City Desk

Post Continues To Publish Nonsense About Black Women

It's weird that the Post's latest entry to its Black Women Are Like This series, based on polling it did last year, quotes two old songs about how sexy larger, curvier bodies are, as evidence that black women don't have the body issues white women have.

Sure, Sir Mix-A-Lot likes big butts. The Commodores appreciate women built like brick houses. But let's take a look at some more recent music. In 2003, Jay-Z crowed that "all the wavy light-skinned girls" love him now. Last year, Lil Wayne noted, "beautiful black women, I bet that bitch look better red” (as in "redbone," another word for "light-skinned"). And there are plenty of entries in the lexicon of songs that prize light-skinned black women with long, straight hair. A standard of beauty, it's worth noting, that few black women can meet without the help of a hair stylist or a boxed relaxer.

Still, setting aside the problems with measuring one's self-esteem by the male gaze, it's misleading and strange to frame a story about black women's feelings only as a counterpoint to white women. Maybe it's the editing, but there's a strange air of wonder throughout the story over the fact that black women don't hew to white womanhood as the default standard of beauty. On top of that, there's no mention of the myriad issues black women do have when it comes to their appearance. No discussion of skin lightening creams, no mention of weaves and relaxers, nothing about the anxiety of thin black women who want to "thicken up" thanks to Sir Mix-A-Lot, nothing about the women who were told they were "pretty for a dark-skinned girl."

We'll just say this: It's not like being "thick" like Beyoncé or having long tresses like Megan Good is any more natural for black women than being as thin as Gwyneth Paltrow is for white women. It's just a different, equally ridiculous, standard of beauty that can't be glossed over with the chorus of "I'm Every Woman."

Photo by Matt Dunn

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  • Southeast Ken

    I found the Washington Post article to be race baiting and racist.

  • Sigmagrrl

    I don't understand this latest obsession the Post seems to have with dissecting, examining, and picking apart the minutae of black women. It's making me feel uncomfortable, as though now, when walking down the streets of DC, people who read these articles are automatically painting me with a brush full of these published assumptions!!


    I agree with your both, Southeast Ken and Sigmagrrl.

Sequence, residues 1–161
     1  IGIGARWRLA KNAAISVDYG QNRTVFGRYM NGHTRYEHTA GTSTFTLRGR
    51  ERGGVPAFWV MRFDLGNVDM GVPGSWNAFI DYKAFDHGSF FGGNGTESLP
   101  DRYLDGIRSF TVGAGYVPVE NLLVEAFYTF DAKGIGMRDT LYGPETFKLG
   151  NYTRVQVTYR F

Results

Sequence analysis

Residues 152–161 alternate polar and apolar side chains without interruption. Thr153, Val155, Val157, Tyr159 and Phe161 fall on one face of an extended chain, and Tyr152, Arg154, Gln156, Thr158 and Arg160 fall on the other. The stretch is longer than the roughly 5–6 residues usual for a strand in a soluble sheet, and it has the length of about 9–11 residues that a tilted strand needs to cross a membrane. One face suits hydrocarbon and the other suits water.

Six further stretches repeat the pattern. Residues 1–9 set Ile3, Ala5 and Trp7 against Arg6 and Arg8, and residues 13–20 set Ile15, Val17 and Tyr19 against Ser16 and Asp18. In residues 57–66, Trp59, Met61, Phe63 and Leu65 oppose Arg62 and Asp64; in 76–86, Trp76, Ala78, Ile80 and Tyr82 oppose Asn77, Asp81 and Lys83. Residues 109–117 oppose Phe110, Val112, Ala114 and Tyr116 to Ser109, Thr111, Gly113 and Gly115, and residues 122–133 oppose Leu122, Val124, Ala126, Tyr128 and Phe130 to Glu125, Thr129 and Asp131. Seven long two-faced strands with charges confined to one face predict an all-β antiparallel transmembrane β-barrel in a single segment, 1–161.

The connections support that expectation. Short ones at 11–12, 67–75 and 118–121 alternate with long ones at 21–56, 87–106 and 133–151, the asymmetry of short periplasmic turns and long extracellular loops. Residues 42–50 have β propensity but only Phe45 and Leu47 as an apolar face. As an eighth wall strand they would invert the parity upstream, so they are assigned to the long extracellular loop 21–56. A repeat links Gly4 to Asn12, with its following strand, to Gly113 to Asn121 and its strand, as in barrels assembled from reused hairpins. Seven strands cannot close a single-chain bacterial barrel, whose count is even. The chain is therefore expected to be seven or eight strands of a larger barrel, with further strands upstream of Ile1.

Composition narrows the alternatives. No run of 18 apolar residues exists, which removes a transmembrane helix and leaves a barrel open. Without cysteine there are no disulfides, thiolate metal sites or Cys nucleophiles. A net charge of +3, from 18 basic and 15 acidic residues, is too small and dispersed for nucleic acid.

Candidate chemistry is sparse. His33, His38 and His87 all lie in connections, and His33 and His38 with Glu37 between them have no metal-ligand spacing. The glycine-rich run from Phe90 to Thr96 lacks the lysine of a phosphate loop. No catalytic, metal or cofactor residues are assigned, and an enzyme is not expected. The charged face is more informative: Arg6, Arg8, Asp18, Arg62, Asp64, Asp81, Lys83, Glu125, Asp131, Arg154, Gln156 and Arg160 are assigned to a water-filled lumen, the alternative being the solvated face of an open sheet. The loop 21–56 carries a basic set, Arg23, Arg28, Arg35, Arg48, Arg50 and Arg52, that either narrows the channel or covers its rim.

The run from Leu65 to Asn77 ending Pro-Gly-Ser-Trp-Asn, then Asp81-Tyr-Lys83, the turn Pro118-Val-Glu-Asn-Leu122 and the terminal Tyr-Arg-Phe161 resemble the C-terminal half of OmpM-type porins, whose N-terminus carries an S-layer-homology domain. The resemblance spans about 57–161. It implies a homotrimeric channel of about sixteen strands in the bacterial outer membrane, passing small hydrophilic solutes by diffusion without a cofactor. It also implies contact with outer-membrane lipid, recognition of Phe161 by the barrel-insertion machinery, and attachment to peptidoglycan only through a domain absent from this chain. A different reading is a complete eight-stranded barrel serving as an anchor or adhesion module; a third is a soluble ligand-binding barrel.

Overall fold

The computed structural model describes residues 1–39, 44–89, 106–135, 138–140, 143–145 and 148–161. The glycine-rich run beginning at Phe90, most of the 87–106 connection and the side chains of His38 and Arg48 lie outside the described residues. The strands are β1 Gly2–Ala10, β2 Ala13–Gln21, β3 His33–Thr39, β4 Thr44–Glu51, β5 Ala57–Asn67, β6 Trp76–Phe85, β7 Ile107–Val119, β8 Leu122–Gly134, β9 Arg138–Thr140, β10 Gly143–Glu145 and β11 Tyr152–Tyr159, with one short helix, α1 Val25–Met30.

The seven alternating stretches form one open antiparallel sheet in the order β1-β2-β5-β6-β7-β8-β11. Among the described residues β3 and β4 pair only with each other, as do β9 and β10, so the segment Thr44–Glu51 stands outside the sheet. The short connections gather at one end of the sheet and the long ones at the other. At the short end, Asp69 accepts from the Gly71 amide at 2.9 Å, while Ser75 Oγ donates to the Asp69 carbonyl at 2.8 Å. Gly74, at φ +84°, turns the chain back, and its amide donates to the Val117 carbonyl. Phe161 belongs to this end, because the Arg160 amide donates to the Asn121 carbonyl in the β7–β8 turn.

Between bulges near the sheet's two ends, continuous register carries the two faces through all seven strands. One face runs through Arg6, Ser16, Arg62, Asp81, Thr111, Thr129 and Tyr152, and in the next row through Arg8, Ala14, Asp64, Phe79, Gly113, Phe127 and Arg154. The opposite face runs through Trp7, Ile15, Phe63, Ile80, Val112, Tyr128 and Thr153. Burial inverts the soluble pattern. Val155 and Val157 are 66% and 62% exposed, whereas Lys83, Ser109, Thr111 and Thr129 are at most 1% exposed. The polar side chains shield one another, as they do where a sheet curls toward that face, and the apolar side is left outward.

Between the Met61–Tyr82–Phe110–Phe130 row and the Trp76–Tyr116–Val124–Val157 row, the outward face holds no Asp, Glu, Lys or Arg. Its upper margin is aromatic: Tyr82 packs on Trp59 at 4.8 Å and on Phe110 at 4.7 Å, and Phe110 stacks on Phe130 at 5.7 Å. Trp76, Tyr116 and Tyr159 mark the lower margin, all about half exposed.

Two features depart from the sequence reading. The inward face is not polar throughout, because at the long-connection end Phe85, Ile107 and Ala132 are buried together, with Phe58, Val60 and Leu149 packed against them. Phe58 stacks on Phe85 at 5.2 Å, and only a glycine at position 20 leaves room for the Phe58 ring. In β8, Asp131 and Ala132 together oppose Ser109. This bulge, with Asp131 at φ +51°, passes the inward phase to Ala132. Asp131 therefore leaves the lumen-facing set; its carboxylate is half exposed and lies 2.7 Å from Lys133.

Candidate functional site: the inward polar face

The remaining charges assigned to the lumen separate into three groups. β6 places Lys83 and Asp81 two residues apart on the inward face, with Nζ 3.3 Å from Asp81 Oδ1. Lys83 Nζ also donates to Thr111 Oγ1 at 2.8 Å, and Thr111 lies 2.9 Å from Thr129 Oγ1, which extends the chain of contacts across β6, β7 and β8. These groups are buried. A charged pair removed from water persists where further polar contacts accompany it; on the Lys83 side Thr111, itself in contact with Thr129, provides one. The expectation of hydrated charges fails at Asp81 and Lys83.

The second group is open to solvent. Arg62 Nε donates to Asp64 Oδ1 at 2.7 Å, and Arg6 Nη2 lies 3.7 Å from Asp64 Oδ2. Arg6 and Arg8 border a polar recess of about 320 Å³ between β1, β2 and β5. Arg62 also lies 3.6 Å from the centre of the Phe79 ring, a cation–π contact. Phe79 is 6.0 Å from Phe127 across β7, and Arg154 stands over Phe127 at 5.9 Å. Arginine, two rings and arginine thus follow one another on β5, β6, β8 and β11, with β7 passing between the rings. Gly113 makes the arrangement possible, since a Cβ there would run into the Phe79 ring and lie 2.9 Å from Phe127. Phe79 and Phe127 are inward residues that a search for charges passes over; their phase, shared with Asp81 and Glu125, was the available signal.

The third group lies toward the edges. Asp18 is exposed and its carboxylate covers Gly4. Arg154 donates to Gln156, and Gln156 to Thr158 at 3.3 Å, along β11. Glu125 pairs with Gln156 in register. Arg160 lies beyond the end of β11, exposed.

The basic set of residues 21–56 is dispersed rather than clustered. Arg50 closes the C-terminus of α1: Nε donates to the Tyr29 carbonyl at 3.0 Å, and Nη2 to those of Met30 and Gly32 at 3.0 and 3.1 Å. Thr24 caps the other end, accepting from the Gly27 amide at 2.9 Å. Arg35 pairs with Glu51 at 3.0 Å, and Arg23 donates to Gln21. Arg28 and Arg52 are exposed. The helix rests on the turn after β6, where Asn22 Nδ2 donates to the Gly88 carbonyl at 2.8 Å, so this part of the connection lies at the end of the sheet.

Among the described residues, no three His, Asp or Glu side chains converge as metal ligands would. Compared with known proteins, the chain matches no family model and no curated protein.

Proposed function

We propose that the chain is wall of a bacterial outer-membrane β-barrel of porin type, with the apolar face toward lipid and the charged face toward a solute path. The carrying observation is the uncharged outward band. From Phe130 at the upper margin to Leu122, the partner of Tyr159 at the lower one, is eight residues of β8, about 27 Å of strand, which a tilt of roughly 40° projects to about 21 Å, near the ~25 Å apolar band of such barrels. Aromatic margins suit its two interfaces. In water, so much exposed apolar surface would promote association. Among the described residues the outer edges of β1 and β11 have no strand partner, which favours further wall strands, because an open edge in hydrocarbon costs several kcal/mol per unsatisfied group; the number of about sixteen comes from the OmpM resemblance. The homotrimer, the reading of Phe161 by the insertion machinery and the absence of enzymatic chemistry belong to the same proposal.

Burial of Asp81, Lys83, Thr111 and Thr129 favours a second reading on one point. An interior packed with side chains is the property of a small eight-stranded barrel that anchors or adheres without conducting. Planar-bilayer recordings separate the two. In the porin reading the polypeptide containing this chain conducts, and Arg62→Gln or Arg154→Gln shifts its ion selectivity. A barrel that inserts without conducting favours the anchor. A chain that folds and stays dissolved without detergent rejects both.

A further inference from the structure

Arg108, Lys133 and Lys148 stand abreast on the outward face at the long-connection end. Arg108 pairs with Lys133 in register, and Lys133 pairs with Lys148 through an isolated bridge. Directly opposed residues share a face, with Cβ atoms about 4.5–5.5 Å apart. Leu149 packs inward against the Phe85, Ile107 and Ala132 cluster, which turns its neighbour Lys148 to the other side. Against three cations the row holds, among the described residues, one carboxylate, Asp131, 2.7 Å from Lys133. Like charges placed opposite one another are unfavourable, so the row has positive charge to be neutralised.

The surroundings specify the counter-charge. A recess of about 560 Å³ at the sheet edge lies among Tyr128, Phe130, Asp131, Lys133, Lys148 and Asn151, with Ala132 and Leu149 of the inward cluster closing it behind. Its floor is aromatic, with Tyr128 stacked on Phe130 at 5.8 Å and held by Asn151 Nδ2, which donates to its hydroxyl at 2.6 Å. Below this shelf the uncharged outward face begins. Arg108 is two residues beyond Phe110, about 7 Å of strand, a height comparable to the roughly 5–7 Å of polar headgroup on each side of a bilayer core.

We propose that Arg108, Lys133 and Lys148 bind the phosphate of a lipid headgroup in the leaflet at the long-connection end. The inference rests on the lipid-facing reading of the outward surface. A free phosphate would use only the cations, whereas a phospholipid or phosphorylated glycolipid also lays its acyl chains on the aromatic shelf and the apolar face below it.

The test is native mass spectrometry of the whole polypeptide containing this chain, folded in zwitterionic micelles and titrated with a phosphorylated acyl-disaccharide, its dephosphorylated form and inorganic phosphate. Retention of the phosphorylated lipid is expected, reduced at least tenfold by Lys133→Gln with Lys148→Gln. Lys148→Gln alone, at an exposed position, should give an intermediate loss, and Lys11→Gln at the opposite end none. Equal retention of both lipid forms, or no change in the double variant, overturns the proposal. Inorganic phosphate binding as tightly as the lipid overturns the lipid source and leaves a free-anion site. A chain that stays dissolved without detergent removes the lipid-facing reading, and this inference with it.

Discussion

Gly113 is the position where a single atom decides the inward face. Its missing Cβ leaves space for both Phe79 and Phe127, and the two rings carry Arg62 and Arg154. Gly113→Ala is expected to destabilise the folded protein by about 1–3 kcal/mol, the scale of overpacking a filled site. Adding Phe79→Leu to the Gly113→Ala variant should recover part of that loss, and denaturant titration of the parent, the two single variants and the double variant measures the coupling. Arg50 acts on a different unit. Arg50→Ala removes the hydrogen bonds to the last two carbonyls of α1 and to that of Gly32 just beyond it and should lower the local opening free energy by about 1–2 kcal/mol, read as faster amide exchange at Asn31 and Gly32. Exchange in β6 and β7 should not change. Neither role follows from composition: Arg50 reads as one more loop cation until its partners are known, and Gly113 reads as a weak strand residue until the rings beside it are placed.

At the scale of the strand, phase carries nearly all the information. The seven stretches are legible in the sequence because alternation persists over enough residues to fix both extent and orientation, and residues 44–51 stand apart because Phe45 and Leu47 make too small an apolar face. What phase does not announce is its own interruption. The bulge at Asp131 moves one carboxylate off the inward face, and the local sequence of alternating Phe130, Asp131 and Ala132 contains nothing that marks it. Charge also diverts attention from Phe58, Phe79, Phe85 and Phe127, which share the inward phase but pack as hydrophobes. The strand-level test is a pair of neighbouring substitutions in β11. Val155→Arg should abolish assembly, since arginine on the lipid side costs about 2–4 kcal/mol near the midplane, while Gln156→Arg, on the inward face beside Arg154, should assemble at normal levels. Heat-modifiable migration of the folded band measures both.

• …done

    cosign Sigma. I want to left the fuck alone.

  • b4life

    I agree with Sigmagrrl. I'm horrified by the series but even more so at the writing. Lonnae O'Neal Parker's writing leaves a lot to be desired for a nationally recognized writer.

    I'm not sure how the article is race baiting, but to each his own.

  • Mike

    Let's give DC residents a little more credit than that. Just because the Post writes completely insane articles that are indeed race baiting and racist does not make the average person on the street think differently.

  • Jay

    The Post's creepy obsession with black women happened right after Michelle Obama came to prominence.

  • LE

    The whole series is made worse by the endless string of "Issues and problems of rich white people" articles the Post has been publishing (e.g., the recent ones on rich white women opening yoga studios and a rich, white suburban family having trouble getting their kiddies to school on time and thinking being late is a silly concept). I am white and pretty well off, and I find the whole trend toward "let's study those interesting black folk like specimens" and kissing rich, white butt truly repulsive. The Post is so sad these days.

  • Terry Miller

    The writer of this article is so sucked into the white stereotype of skinny beauty that she thinks it is incredible that a plump woman (of any color) could not only think herself pretty and sexy, but actually BE pretty and sexy. I say to her, get a life!

  • Jane

    The Post's coldly scientific coverage of black people (particularly black women) like they're some kind of mystical alien race that science can't hope to understand turns my stomach.